A DVD is nothing more than a bunch of computer files and folders. If it weren't for copy protection, you could just copy them to your hard drive and play them from there, using Apple's DVD Player application. In fact, I'm told that simple method actually works with some DVDs.
MacTheRipper, on the other hand, copies all DVDs, without copying the copy protection. It also defeats the regional coding which keeps you from playing DVDs from foreign lands.
MODmini's "Saving DVDs as VIDEO_TS Files" page (part of its "How-To: Turn Your Mac mini into a DVD Jukebox" article) advises to use Matinee along with MacTheRipper. Matinee front-ends your folder(s) of ripped DVDs and makes playing any of the movies in Apple's DVD Player a one-click affair. Matinee simply fires up MacTheRipper when you tell it you want to rip a new DVD.
I downloaded both of these items of free software. Once I dealt with some minor perplexities, both worked straightforwardly. So far I've ripped both discs of Lord of the Rings: Fellowship of the Ring Extended Edition and also Meet the Parents Bonus Edition. All the ripped versions seem to play in DVD Player just as if they were on the original disc. You get the whole DVD menu system intact, allowing you to choose language/subtitle options, special features, etc., as well as the main film.
The next thing to try would seem to be burning the ripped files to a do-it-yourself DVD-R and seeing if that disc works in various standalone and computer DVD players. But I ran into a snag there: the files won't all fit on a 4.7GB single-layer DVD-R! Since the original DVDs are dual-layer, it would seem that I need to use dual-layer DVD-Rs. I don't at this point even know if they exist though, or whether my MacBook Pro's internal SuperDrive could burn them.
Until I find my way down that path, more now on using HandBrake to rip and compress a DVD all in one fell swoop.
I am continuing to experiment with Handbrake's various options for choosing:
- encoders within codecs
- target file sizes, average bitrates, or "constant quality" percentages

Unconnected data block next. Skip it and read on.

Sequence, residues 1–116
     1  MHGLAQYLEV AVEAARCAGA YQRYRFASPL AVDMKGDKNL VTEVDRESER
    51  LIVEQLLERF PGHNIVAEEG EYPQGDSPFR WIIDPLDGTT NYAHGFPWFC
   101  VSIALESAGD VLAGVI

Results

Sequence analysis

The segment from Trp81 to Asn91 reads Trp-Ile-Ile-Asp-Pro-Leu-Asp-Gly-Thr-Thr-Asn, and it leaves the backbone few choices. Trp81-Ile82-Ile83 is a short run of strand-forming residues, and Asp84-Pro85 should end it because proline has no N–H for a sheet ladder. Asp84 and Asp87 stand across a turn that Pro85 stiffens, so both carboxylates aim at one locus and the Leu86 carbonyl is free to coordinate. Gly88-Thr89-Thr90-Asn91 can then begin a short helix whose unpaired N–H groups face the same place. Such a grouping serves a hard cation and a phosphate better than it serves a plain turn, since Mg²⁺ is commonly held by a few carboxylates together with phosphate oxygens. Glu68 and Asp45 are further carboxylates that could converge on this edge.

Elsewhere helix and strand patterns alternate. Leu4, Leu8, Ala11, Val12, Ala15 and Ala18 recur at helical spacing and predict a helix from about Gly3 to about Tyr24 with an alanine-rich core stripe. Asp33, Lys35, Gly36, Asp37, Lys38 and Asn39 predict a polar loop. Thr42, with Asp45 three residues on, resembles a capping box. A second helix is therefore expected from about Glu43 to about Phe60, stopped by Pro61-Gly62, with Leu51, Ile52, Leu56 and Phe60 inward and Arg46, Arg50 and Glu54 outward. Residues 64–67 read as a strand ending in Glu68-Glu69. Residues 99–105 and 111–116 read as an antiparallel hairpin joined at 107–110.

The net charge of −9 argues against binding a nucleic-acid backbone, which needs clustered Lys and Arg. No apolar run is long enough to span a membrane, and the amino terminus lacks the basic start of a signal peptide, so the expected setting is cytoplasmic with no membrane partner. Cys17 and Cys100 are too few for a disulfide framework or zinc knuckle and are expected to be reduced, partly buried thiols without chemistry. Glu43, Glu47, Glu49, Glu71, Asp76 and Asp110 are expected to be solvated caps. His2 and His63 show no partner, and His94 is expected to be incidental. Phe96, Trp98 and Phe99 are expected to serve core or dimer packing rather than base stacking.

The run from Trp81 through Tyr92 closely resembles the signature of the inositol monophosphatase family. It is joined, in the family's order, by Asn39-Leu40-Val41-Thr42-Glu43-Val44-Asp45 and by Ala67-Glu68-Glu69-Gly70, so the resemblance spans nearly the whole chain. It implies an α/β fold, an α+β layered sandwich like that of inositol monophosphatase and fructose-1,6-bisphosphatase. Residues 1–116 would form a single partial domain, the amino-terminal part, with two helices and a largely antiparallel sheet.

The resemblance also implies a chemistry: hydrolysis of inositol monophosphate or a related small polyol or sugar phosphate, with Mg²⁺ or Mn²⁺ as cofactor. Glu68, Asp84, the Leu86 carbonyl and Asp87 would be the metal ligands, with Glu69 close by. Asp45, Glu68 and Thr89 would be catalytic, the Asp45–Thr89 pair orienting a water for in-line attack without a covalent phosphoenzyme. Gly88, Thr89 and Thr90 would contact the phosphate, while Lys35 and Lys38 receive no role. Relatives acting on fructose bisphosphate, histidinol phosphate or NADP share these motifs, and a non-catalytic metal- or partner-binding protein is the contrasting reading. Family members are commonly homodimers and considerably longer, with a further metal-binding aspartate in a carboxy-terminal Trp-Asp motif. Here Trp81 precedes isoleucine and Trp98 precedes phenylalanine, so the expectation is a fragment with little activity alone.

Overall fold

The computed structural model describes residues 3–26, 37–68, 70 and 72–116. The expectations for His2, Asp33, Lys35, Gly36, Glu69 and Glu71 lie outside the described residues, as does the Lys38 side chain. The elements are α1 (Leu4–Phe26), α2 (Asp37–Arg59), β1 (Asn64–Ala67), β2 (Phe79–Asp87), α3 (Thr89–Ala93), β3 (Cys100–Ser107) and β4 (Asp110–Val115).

The object of the game is to make HandBrake's output file as small as possible, consistent with "good enough" picture quality (PQ). HandBrake decodes the video on a DVD and re-encodes it in a different codec. The codec used on a DVD is always a form of MPEG-2. That used by HandBrake's output files is a form of the newer, better MPEG-4.
The main idea here is that MPEG-2 compression is inefficient and results in big files with high bitrates. MPEG-4 compression can produce nearly as good PQ with smaller output files and lower bitrates. The AVC/H.264 codec (which is one of HandBrake's two choices, in addition to MPEG-4) is actually a high-class version of MPEG-4; it supposedly does even better.
Within either of these codecs in HandBrake you can choose a target file size or an average bitrate, resulting in a constant bit rate (CBR) in the output encoding. If you want a variable bit rate (VBR) so that more bits will be allocated to scenes that are harder to encode and fewer bits will be wasted on easy-to-encode scenes, choose a "constant quality" percentage — instead of a target size or bitrate, that is.
I've been trying 50% "constant quality" (CQ50) AVC encoding with pretty good results: tolerable picture quality, fairly compact (but widely variable, depending on the movie) file sizes.
I've also been trying using a bitrate of 1000 kbps with 1-pass MPEG-4 encoding. Comparing the results in QuickTime for Lord of the Rings: Fellowship of the Ring Extended Edition Part 2, I believe a CBR MPEG-4 encoding at about 990MB for the output file looks better (!) than a VBR AVC encoding that produces a 1.15GB file. At least in some scenes — those in which there is a somewhat uniform medium-to-dark gray backdrop, mainly — there is less of a tendency for solid blocks of a single color (visible "macroblocks") to show up and flicker on and off, thereby harming the naturalness of the scene.
There are many variables here. Using a bitrate of 1000 kbps with 1-pass MPEG-4 encoding, I have tried both the XviD encoder and the FFmpeg encoder in HandBrake. The results are very, very close both in PQ and file size ... but I think the XviD encoder does just a smidgen better with at least one critical scene.
One of the things that has gotten in my way in making these evaluations is that iTunes' Full Screen mode for viewing movies seems to exacerbate the inherent macroblocking in the recordings. A movie viewed in Fit to Screen mode may look pretty good in iTunes, but switch to Full Screen mode and the overall brightness scale is boosted in a way that brings out the macroblocks. This anomaly does not happen in the equivalent modes in QuickTime Player.
A good way to evaluate the various HandBrake encoding options is to view their respective outputs side-by-side in QuickTime Player Fit-to-Screen windows. When you come to a problematic scene in one window, pause it and cue up the same scene in the other window(s). Then compare.